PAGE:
Paul O’Dette, Co-curator of Guitar Marathon: Bach series talked with the 92nd Street Y about creating the Marathon, Bach’s lasting legacy on the 325th anniversary of his birth, why he chose to include a few non-Bach works, and more. Some highlights follow:
How was the theme for this year’s Guitar Marathon chosen?
In previous Marathons, guitarists performed a wide range of repertoire over many centuries, but this year we wanted to offer diverse interpretations of a very specific repertoire. Co-curator David Spelman proposed the music of Bach, since it plays such an important part in the programming of most classical guitarists and of course lutenists.
How have you selected the artists?
David and I wanted to assemble a group of brilliant instrumentalists who have invested considerable time and thought into the performance of Bach, and whose approaches demonstrate a variety of ways in which his music may be brought to life. Bach is so universal that hearing different interpretations side by side should make for a very interesting and varied day of music-making.
What is it about Bach that brings artists to him again and again?
As with all great art, Bach’s music is multi-layered. It certainly is enjoyable the first time through, but the complexities and depth can only be fully appreciated after repeated probing and exploration. To convey the overall architecture as well as the intricate details is a challenge of which one never grows tired.
You have included a few non-Bach works— Can you tell us why?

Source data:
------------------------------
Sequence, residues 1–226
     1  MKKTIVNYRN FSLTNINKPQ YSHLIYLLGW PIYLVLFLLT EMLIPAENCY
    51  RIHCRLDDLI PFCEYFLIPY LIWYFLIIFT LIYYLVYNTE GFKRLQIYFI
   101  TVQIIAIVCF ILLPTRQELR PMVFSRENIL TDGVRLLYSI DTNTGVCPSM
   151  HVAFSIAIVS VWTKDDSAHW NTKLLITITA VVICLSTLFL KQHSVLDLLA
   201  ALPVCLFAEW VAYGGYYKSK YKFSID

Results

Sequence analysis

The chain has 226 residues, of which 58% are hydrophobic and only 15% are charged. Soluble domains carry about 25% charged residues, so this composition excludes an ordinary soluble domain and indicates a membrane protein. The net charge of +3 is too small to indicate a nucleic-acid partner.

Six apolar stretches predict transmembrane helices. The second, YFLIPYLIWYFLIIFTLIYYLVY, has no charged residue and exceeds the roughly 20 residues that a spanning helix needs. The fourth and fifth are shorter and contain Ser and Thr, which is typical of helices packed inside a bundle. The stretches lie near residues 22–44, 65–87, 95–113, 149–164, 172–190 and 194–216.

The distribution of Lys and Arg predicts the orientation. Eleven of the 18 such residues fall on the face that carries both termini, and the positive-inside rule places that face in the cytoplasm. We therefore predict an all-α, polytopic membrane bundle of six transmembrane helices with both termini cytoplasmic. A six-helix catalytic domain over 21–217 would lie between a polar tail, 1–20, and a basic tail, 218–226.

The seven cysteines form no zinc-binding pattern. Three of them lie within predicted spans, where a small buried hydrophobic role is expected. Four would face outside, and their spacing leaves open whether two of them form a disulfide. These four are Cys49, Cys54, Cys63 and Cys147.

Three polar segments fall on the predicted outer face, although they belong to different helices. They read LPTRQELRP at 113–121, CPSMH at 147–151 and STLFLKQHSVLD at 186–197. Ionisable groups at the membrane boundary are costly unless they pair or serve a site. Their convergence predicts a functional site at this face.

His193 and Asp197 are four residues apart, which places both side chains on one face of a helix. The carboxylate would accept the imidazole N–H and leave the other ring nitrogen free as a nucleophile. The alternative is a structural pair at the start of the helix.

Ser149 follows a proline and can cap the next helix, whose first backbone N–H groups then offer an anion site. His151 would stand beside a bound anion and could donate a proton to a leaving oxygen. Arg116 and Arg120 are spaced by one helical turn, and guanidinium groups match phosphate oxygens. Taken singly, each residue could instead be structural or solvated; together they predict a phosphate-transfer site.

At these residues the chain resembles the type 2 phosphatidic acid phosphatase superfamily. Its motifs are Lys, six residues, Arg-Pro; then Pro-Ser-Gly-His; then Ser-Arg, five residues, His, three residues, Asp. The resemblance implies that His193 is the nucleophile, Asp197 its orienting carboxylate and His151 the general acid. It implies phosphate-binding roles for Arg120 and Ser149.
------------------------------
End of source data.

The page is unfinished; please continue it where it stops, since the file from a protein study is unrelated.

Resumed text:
We wanted to provide a taste of the lute music Bach listened to and emulated. His admiration for the music of Sylvius Leopold Weiss was such that he borrowed an entire Weiss lute suite. He used the lute solo as an obbligato harpsichord part over which he composed a new violin part. This Violin Sonata, BWV 1025, is not often performed because many players don’t quite know what to make of it. But we’ll perform both in order to compare Weiss’ lute version with Bach’s setting of it, in order to understand exactly how Bach put it together.
What is your personal favorite Bach lute and non-lute work?
The Fugue from BWV 1001 has been a favorite of mine since childhood, and I still find new things in it each time I play it. I am always deeply moved by the St. John Passion. The dramatic construction and pacing are so tight and the balance of affects so brilliantly judged that it feels like an opera to me. The final chorus, “Ruht wohl,” is one of my all-time favorite pieces of music.
You can read the interview in full here.
Fifteen artists will explore the many facets of Johann Sebastian Bach’s artistry during the 92Y biennial guitar extravaganza, Guitar Marathon: Bach on Sun, Jan 31, with sessions at 2 and 7 pm. Tickets can be purchased here, and those 35 and under can purchase tickets at a discount.
[Guitar Marathon: Bach—Session 1 | Guitar Marathon: Bach—Session 2]
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